I had no idea! The description of growth can feel like just a chaos of events, one after another. Here are some corrections I noticed in material touching on particular interests of mine, the DNMs and Satoshi: The nine-page PDF attached to the e-mail made it clear that Satoshi was deeply versed in all the previous efforts to create a self-sustaining digital money. But Satoshi put all these earlier innovations together to create a system that was quite unlike anything that had come before it.
Further, it did not compare or contrast Bitcoin in any meaningful way with all the previous work on digital currency like the whole universe of techniques and approaches based on Chaumian blinding. The Internal Revenue Service agent who finally identified Ross did so by searching on Google through old posts on the Bitcoin forum. They did help snag baronsyntax, but the actual cause was the FBI finding the Iceland server thanks, presumably, to Tarbell hacking it , which had a VPN IP hardwired and had a clearnet backup server in Pennsylvania, both of which led back to Ross in San Francisco.
Most bizarrely, Nick altered the dates on his postings about bit gold to make it appear as though they had been published after Bitcoin was released, rather than before…. Most bizarrely, Nick altered the dates: the dates that Nick later put on the posts are at the top of each post. But the URL addresses of the posts still show the original posting date.
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Nothing bizarre about it. This is too high and was a mistake in that version of the paper. So as far as your analysis can tell, a 5-star seller just vanished overnight. Freenode banned open proxies, Bitcoin only gained proxy support in the later version 0. I looked into the one person I was able to link to that address, but unfortunately neither he nor any of his relatives or friends on Facebook look remotely like possible Satoshi candidates, so for non-state actors, that is a dead end.
Full disclosure: Popper offered a free copy of Digital Gold to me pre-publication to review, but I wound up not accepting because he was offering a physical book rather than an ebook. The Playboy interview II , ed. Barry G. Golson: pages of dense challenging interviews with 23 famous people Each interview takes a good 20 pages, and these are not small pages, either, but hefty small font pages.
- DEF CON 25 Hacking Conference.
- Heap of Links?
- You Shall Not Surely Die!!
- Viral () - IMDb!
- A Lone Pine Traveler.
- Race and Cognition?
- From Shyness to Strength.
Particularly memorable was this exchange:. Just what did you mean by that? Almost all of the interviews are worth reading and include good tidbits I wish I could excerpt from my print copy, but overall, I would say the best interviews were: Dali, Shelton, Haley, Arledge, Shockley, and Koch.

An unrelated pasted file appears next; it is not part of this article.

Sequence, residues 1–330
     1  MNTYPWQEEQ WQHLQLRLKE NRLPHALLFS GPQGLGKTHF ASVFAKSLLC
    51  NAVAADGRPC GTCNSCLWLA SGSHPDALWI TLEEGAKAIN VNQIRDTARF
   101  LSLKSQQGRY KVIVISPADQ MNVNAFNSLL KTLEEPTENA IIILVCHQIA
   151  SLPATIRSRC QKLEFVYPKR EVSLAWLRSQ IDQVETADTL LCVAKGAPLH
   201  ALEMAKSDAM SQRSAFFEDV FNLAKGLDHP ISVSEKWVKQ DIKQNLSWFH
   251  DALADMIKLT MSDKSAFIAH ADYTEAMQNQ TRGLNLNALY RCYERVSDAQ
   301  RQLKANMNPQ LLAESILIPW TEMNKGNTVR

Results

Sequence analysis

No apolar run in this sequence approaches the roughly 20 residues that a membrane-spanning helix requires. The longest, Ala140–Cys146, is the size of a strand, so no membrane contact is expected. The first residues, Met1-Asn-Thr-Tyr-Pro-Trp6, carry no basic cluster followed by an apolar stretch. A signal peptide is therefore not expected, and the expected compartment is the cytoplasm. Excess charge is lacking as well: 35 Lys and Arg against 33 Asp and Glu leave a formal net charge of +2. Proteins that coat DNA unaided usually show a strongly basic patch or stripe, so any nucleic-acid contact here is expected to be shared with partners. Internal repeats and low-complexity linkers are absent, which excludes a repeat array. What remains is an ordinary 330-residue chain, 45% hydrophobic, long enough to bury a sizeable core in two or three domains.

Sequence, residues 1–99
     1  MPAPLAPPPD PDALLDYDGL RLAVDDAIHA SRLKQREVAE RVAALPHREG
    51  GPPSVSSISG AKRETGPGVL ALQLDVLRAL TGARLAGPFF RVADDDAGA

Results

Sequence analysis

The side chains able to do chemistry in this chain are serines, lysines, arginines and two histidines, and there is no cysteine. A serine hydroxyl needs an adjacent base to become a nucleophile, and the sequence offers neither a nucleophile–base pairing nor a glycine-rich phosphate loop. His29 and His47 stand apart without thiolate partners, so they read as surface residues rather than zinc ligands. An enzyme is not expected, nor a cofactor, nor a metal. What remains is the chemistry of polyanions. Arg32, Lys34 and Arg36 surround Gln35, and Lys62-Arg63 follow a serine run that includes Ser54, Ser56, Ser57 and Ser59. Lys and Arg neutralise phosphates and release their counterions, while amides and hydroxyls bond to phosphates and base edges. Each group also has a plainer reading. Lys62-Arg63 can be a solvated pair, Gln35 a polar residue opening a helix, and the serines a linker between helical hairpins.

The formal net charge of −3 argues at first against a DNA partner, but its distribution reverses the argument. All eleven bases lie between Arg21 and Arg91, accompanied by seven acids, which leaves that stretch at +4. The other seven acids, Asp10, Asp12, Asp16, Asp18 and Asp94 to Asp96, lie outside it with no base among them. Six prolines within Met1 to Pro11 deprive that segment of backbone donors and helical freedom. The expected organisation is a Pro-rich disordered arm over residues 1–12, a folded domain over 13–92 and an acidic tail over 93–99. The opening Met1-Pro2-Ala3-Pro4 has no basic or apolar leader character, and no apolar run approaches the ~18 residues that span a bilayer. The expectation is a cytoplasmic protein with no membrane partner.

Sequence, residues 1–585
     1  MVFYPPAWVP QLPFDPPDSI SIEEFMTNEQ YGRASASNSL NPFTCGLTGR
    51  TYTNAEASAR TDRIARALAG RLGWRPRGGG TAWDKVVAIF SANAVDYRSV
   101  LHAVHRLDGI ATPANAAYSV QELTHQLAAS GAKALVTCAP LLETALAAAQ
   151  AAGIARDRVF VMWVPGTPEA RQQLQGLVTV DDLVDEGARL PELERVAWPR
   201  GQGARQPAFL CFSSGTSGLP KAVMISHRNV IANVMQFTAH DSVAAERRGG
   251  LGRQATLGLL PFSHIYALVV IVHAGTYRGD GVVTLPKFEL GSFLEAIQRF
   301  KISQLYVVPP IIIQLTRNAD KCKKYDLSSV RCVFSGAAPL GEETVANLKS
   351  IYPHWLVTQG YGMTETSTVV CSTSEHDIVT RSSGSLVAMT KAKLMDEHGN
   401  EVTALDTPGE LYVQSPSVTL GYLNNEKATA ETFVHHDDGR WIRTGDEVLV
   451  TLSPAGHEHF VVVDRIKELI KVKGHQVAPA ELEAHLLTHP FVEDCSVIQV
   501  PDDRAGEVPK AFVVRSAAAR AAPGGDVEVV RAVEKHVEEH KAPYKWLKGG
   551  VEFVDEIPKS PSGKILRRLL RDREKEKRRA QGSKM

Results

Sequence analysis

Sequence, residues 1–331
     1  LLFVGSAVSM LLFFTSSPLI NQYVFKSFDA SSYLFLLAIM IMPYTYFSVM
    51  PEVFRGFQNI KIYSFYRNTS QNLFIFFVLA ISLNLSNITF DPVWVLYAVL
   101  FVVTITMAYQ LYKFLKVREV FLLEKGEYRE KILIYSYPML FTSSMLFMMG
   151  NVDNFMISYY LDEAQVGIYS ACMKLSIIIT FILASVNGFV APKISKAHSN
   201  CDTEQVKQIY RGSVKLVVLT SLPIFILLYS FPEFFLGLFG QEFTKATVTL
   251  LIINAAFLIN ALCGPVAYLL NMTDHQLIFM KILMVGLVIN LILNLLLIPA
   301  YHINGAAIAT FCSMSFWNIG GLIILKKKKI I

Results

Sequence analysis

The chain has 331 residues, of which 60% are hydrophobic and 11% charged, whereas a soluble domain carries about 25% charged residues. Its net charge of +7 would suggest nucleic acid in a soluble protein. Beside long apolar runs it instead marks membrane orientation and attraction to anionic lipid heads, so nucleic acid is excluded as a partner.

The case-studies are in chronological order and primarily WWII-oriented:. Why then are spec-ops not doomed to failure? The commandos sting the elephant and flee before the giant feet can smash them into paste. The parallels with computer security and cyberattacks is clear: a hack can take months or years to research and craft, but when triggered, it can attack and finish within seconds or minutes, far outspeeding the merely human defenders.
The case-studies themselves are interesting. McRaven was able to interview a number of people involved in the case-studies as well as visit the locations to see them for himself. Deception plays surprisingly little role in most of the operations considering its outsized role in the public imagination the St Nazaire raid ship briefly pretended to be German; Gran Sasso brought along an Italian general in the gliders to confuse the Italians; Operation Entebbe likewise involved the commandos pretending to be locals until they reached the building with the hostages, apparently successfully confusing the terrorists inside.
A skim of the Libgen EPUB version suggests that you might be better off with that edition although it appears to drop the photos entirely! Gossipy, detailed, a vivid look inside the industry. Long out of print, I read the online scan 2. Book 2 is especially full of alarming chemical stories. I suspect that some of the anecdotes have been polished up a bit over the years, but as Samuel Johnson once said, a man is not under oath in such matters.
But when Gergel says that he made methyl iodide in an un-air-conditioned building in the summertime in South Carolina, and describes in vivid detail the symptoms of being poisoned by it, I believe every word. He must have added a pound to his weight in sheer methyl groups.